Publications

Participants respond to Teatro Foro

Conference

1.- Olvera-Hernández S., Martin-Ortega J., Novo P.,  Walsh A.,  Mesa-Jurado A., Holmes G., and Borchi A. (6-8 Noviembre 2019). Performing fundamental values as an emancipatory mechanism to fostering inclusive participation in environmental governanceUrgent Transformations and Earth System Governance: Towards Sustainability and Justice Conference, Oaxaca Mexico.

Abstract

Inclusive participation in decision-making has been a constant challenge on environmental governance in rural communities in the Global South, reflecting power structures that exclude people on the basis of the intersection of economic status, ethnicity, education level, age and gender. Environmental governance and how it plays out in practice is fundamentally determined by the value frames, emotions and relationships of those involved. However, value judgements of those most affected by environmental decisions are rarely shared and discussed. For decision-making to be genuinely inclusive it is necessary that those who are usually excluded are able to express and make visible their values. Only in this way, decisions regarding the natural resources on which they critically depend can reflect their worldviews.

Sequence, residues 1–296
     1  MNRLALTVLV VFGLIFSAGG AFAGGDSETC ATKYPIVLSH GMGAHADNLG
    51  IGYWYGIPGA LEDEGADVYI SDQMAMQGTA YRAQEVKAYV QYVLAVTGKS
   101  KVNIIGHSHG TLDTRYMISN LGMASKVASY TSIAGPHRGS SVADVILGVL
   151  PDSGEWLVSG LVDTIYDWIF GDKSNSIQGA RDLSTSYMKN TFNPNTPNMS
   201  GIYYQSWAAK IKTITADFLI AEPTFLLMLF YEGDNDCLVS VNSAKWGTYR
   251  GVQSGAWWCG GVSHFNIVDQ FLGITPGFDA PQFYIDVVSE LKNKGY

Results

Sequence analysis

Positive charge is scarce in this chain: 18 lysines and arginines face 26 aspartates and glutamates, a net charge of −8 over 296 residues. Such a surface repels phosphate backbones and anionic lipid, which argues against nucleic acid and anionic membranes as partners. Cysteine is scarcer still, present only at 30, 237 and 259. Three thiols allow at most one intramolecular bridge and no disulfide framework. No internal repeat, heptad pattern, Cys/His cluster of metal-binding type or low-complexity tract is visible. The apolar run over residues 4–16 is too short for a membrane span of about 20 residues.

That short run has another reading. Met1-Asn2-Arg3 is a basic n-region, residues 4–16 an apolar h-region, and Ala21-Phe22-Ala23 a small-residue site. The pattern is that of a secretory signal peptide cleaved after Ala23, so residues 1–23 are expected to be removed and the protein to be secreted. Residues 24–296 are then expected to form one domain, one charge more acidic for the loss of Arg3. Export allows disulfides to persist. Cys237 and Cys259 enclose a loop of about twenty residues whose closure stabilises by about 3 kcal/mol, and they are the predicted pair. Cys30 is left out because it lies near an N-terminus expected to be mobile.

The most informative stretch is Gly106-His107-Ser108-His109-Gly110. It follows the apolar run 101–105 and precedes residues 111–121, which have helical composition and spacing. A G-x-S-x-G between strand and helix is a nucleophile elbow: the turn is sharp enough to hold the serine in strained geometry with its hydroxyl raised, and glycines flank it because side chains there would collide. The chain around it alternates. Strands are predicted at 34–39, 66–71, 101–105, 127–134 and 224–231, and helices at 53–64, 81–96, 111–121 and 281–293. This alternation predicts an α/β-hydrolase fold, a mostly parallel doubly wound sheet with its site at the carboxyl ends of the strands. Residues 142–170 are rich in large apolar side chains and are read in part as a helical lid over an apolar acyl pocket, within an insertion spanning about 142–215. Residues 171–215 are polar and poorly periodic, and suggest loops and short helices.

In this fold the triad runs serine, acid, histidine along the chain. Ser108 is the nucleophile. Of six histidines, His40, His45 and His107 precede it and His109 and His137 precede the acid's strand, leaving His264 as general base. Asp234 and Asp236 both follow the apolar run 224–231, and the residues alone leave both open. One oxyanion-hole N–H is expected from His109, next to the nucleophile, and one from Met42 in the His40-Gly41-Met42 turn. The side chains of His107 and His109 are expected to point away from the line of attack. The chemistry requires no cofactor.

To address this challenge, new approaches that enable those in the lowest positions of power to reflect, share and make their values visible are needed. Art-based methods, and more specifically performance-based methods, provide alternative means of communicating and sharing which can be particularly relevant in the context of marginalized communities. A critical performance enables people to identify issues, bring hidden narratives to consciousness and activate different solutions or responses. This allows the implementation of reflexivity or meta-reflections to create debates about the distribution of power in environmental policy and cultivate shared values frames, emotions and affects. In this paper, we present the preliminary results of applying one of such performance-based techniques, Forum Theatre, in two rural communities in Chiapas (Mexico). By activating and cultivating reflexivity, Forum Theatre can act as an emancipatory mechanism that ultimately has the capacity to foster inclusive participation and induce broader social transformations for more sustainable, effective and just natural resource management

For further information contact Silvia Olvera-Hernández, at eeseoh@leeds.ac.uk